LONDON/TOKYO - Corporate sentiment surveys from Germany and Japan showed glimmers of hope on Monday, contrasting with grim global outlooks from the World Bank and Organisation for Economic Cooperation and Development.
Japan's tankan survey showed less pessimism at big Japanese manufacturing firms in the three months to June.
Meanwhile German business sentiment rose to a seven-month high in June although analysts said plenty of risks remained given that expectations fuelled the rise in sentiment.
Despite initial signs of a weakening in the pace of economic decline, policymakers must remain alert, European Central Bank President Jean-Claude Trichet said.
While there are first signs that the pace of economic weakening is decelerating, we must remain alert. We are in uncharted waters, and there are still risks of a sudden emergence of unexpected financial turbulence, he said.
Trichet's caution chimed with that of Angel Gurria, the head of the Organisation for Economic Cooperation and Development.
We see a very difficult 2009, with negative growth in the OECD area. Unemployment problems are going to continue to linger, he told Reuters television in an interview on the sidelines of a conference in Paris.
Adding to those wary comments, the World Bank said prospects for the global economy remain unusually uncertain as it cut 2009 growth forecasts for most economies.
Governments around the world have borrowed hundreds of billions of dollars to fight the worst economic crisis in decades, providing incentives for businesses and consumers to spend and embarking on big infrastructure programmes to create jobs and stimulate activity.
They should stick to spending programmes to reignite growth because their economies are still weak in spite of signs that the worst of the crisis may be past, World Bank Chief Economist Justin Lin said in an interview with Reuters.
Lin also said he was concerned about rising borrowing costs and weak external financing conditions for the emerging economies of Europe and Central Asia.
Like the ECB, the U.S. Federal Reserve has cut interest rates to record low levels and used unorthodox means to pump more money into the system.
The Fed's interest rate setting committee meets on Tuesday and Wednesday and economists polled by Reuters see no chance that the Fed will raise its benchmark short-term interest rate from the current level near zero.
The Fed is also seen unlikely to ramp up its purchases of U.S. government and mortgage-linked debt as investor focus shifts to inflation on evidence that the economy is stabilising.
JAPAN SENTIMENT LESS BLEAK
Japan's business survey index (BSI) of sentiment at large manufacturers stood at minus 13.2 in April-June, compared with minus 66.0 in the previous quarter, the Ministry of Finance and the Economic and Social Research Institute said.
The Bank of Japan is unlikely to wind down its unconventional stimulus policies in spite of the less-bleak view of Japanese manufacturers, economists said.
It's too early for the BOJ to examine an exit strategy. Companies are still saddled with excess capacity. Capital spending will likely remain weak for some time, said Takeshi Minami, chief economist at Norinchukin Research Institute.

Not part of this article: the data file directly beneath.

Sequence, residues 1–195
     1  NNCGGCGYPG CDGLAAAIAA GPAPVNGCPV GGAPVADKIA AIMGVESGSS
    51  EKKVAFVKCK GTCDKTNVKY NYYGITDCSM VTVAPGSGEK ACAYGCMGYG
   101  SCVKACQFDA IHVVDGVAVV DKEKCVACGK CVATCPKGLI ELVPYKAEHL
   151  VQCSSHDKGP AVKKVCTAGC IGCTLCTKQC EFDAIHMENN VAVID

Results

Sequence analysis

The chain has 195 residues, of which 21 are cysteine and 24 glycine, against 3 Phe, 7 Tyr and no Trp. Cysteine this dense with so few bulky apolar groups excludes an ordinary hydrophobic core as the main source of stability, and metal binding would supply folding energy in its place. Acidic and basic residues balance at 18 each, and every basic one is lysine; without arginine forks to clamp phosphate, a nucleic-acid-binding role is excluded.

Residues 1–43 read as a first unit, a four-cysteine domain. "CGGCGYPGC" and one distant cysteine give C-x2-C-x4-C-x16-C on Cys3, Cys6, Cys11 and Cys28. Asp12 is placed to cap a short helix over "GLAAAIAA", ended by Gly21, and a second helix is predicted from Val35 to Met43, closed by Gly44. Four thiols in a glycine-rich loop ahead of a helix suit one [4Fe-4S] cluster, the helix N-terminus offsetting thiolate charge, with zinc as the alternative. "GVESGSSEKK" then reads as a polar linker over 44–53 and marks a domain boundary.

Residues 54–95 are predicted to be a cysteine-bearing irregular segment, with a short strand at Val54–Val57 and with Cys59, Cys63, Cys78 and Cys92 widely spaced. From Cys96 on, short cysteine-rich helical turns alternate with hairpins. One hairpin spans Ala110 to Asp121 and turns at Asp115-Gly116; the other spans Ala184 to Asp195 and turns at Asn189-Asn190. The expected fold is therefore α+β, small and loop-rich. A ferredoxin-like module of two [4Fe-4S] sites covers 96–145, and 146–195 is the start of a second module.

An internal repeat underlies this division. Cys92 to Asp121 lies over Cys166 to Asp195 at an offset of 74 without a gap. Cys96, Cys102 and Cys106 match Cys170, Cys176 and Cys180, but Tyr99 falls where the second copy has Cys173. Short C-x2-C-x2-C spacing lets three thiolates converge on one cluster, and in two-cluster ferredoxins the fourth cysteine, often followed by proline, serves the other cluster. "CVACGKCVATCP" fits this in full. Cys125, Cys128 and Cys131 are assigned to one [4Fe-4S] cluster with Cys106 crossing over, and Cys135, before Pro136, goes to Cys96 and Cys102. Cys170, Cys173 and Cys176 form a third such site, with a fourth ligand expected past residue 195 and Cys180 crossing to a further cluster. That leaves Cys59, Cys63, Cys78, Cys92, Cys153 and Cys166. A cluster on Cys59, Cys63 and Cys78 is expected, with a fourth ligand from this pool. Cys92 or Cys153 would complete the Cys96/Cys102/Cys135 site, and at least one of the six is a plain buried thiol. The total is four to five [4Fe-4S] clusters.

The World Bank cut its GDP forecasts for Japan, as well as the United States and the euro area for this year and next.
The bank, which has recently cut its forecast for the global economy to a contraction of 2.9 percent from a projection for a 1.7 percent decline set in March, was releasing details on individual economies for the first time on Monday.
Concerns that investors might have been too quick to price in a quick and lasting recovery prompted stock markets to retreat last week after a powerful rally from their March lows.
European shares fell on Monday despite gains in the mining sector after Xstrata said it wanted merger talks with Anglo American. Anglo shares rose 6 percent.
Evidence for a recovery remained mixed.
The June Ifo survey suggested better times may lie ahead but analysts said that did not mean Germany's economy was now out of danger.
The Ifo index often gives misleading signals at times when the expectations and current conditions deviate strongly. At the moment, current conditions have stabilised slightly, while expectations have shot up, said David Milleker, an economist at Union Investment.
Asking prices for homes in most of Britain fell in June after four months of rises, but the annual rate of decline moderated to an eight-month low, property website Rightmove said on Monday.
A lack of new sellers has boosted property asking prices this year, although there remains a big gap between sellers' aspirations and actual selling prices.
It is a mistake to confuse the upturn in enquiries and sales with a return to a more normal market, said Miles Shipside, Rightmove's commercial director.
While conditions are much improved on the darkest days of last year, we are now starting to see some big distortions and wild swings due to the combined effect of the recession and restricted mortgage availability.